The curriculum field testers have shared a summary of student results prior to using the nature of science lessons. Initial pre-survey results show consistency across schools involved in the NCSE curriculum study and with science education research on the public understanding of the nature of science. The results are, on average, as follows:
Observations and Inferences: Informed
Tentativeness of Science: Informed
Scientific Theories and Laws: Naive
Social and Cultural Influences on Science: Transitional
Imagination and Creativity in Science: Naive
Process of Scientific Investigation: Transitional
The curriculum field testers have shared the different ways in which they are already using the SUSSI results to influence their teaching. Ericca Thornhill, environmental science teacher at Southern Boone High School in Ashland, Missouri, is using the survey results to address areas of lower proficiency for her students and to be more careful with the language she uses when describing the process of science and scientific investigation. Jennifer Broo, Advanced Placement biology teacher, convinced her entire science department at Mariemont High School in Cincinnati, Ohio, to survey their students. They intend to use the schoolwide results to fuel data-driven conversations about student progress through their science courses so that all students have an informed understanding of science upon graduation. At the McAllie School in Chattanooga, Tennessee, biology teacher Michael Lowry is conducting his own curriculum evaluation. He administered SUSSI to all his students and will be teaching the nature of science lessons to half his classes; he’ll teach the other half with materials he used previously.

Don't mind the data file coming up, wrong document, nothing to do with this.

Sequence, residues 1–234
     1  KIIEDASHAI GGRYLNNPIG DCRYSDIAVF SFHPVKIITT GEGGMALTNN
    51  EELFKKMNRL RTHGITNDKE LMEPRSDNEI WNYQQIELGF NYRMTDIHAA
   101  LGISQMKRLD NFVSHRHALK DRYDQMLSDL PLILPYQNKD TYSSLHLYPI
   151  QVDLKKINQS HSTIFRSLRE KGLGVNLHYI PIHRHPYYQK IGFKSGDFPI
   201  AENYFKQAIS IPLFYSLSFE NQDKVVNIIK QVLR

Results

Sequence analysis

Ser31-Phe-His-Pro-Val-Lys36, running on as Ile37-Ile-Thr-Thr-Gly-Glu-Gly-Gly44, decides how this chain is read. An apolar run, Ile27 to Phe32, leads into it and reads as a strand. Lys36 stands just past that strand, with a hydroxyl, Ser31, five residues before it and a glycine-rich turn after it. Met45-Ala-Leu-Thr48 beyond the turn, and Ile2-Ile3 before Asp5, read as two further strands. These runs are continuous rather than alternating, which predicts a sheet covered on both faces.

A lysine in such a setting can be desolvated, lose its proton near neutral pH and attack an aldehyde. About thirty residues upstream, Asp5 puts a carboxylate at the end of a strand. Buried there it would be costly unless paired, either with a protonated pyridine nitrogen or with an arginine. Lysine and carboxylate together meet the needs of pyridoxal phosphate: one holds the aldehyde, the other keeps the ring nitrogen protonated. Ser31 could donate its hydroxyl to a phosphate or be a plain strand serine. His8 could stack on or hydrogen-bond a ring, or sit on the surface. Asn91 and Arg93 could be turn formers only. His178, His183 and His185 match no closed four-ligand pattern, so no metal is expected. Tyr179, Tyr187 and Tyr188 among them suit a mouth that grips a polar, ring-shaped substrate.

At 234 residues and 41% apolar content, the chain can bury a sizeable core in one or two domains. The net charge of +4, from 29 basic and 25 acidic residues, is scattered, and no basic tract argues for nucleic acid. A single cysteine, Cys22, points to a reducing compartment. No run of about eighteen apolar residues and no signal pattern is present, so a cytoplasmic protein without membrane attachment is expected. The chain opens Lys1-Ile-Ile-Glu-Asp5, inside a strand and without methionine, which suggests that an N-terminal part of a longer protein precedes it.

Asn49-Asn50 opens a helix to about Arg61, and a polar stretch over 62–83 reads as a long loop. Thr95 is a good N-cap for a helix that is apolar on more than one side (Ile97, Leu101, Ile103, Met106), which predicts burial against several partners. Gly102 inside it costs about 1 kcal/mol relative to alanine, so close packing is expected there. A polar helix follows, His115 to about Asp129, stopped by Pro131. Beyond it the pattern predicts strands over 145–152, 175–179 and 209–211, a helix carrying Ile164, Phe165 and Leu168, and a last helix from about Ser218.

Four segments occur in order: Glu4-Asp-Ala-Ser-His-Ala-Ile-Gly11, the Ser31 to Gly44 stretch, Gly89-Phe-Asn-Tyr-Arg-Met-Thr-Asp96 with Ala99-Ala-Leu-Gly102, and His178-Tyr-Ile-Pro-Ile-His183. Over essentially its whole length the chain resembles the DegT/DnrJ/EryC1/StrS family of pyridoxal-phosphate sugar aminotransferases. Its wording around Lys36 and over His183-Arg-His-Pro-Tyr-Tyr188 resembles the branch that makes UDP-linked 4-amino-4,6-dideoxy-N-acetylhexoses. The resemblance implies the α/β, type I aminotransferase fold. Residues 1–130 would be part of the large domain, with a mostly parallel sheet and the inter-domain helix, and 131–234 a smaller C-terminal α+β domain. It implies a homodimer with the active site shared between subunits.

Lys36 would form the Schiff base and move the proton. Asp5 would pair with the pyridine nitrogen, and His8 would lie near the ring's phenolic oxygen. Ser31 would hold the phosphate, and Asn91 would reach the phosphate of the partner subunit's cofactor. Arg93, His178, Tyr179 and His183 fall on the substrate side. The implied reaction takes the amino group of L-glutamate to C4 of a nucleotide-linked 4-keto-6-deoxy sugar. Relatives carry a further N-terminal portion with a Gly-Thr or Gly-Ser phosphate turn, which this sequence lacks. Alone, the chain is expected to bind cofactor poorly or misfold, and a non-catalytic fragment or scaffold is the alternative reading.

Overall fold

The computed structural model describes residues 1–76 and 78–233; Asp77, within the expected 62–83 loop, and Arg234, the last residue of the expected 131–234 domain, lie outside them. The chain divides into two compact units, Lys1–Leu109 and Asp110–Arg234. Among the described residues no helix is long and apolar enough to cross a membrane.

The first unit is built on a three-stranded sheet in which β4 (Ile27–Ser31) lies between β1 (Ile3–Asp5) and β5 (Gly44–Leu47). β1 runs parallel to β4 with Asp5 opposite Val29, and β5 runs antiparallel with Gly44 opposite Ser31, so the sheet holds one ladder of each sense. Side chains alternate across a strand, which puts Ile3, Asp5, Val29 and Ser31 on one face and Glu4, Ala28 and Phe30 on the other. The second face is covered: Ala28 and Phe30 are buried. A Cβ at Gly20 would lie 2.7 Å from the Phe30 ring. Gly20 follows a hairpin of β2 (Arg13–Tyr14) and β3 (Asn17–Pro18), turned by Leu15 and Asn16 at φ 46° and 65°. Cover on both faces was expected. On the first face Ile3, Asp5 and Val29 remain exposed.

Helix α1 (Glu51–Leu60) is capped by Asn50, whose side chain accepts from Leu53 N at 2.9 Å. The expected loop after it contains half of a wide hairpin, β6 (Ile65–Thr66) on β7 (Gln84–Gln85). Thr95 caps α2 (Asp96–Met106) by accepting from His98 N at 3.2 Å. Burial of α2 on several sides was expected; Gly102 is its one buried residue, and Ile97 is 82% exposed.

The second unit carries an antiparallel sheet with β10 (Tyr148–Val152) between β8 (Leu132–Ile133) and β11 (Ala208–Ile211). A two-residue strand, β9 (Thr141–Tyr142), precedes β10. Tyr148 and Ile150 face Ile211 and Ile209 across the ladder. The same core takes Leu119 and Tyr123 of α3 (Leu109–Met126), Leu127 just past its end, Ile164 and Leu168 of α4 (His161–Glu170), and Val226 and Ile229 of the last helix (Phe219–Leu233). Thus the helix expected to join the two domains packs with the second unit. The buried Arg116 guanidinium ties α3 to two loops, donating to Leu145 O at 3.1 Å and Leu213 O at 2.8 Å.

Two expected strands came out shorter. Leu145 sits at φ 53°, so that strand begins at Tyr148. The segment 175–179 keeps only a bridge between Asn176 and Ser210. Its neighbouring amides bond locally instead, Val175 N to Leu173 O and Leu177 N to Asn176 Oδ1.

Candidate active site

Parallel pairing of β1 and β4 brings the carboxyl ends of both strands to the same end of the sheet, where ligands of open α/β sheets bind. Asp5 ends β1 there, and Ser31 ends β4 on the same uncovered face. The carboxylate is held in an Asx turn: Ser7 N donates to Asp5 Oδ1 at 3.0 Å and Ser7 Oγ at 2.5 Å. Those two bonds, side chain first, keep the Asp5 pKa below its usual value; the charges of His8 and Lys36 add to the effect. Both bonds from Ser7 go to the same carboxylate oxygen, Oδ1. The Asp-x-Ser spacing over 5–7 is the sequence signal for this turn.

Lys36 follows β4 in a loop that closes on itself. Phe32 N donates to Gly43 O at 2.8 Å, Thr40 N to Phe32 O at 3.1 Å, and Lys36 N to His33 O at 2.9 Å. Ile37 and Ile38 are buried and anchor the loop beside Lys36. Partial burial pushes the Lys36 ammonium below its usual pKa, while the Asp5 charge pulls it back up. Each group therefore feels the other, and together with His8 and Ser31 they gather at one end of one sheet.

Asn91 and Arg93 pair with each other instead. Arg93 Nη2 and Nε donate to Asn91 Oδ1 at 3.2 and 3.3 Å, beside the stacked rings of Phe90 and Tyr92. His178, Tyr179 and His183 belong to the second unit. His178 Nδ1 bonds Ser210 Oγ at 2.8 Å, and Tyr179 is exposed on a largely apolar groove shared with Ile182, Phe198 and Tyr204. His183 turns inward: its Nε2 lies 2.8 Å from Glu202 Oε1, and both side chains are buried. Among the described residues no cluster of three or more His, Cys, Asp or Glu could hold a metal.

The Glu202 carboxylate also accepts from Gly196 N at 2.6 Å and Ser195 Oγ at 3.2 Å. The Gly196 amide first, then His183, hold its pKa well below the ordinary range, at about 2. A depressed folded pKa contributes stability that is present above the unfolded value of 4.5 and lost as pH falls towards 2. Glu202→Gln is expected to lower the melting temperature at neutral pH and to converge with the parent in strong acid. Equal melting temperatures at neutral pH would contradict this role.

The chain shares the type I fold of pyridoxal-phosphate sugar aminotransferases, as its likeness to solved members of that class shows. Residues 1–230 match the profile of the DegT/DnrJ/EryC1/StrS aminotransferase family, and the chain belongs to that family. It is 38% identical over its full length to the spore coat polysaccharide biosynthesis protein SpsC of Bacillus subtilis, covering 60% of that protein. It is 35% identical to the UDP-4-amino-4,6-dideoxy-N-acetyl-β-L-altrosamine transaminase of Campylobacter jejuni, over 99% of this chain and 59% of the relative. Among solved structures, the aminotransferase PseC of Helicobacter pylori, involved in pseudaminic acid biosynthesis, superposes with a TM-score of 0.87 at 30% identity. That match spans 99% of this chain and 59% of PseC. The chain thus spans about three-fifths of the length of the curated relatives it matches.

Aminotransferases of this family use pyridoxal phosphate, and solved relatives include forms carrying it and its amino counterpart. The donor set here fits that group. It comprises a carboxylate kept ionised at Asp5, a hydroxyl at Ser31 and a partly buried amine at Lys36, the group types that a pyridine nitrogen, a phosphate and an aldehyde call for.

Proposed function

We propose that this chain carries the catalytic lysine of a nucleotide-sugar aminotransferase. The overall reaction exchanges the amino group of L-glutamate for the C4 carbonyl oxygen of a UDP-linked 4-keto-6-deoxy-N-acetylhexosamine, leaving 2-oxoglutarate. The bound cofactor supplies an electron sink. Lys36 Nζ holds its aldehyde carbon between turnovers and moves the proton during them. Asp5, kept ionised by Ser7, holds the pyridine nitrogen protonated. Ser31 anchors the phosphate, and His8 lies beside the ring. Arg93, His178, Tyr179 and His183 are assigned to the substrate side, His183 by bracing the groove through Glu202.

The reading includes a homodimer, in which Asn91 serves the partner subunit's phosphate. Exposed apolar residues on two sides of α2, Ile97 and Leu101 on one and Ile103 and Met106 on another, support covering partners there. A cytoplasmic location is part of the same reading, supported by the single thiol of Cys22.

NCSE’s nature of science curriculum, developed by our teacher ambassadors along with NCSE staff, includes classroom activities to help students develop informed views of science while addressing misconceptions that lead to or reinforce naive views. For example, both Lesson Set 2: Science is a Never-Ending Process and Lesson Set 4: Science is about the Evidence include activities in which students examine how our understanding of germs and evolution have changed over time as the result of the development of new technologies, which in turn altered theories about these phenomena. Lesson Set 3: Science is an Inquiry-Based Process provides students with an understanding of the ways in which innovation drives our under- standing of how cells function, which then leads to new questions sparking new innovations to aid investigation.
We will continue to gather, analyze, and evaluate the data resulting from the implementation of our lessons. And we will continue to conduct research as a means to add to the body of knowledge about science education. Stay tuned for more news from the evaluation and research front over the course of the next year and a half.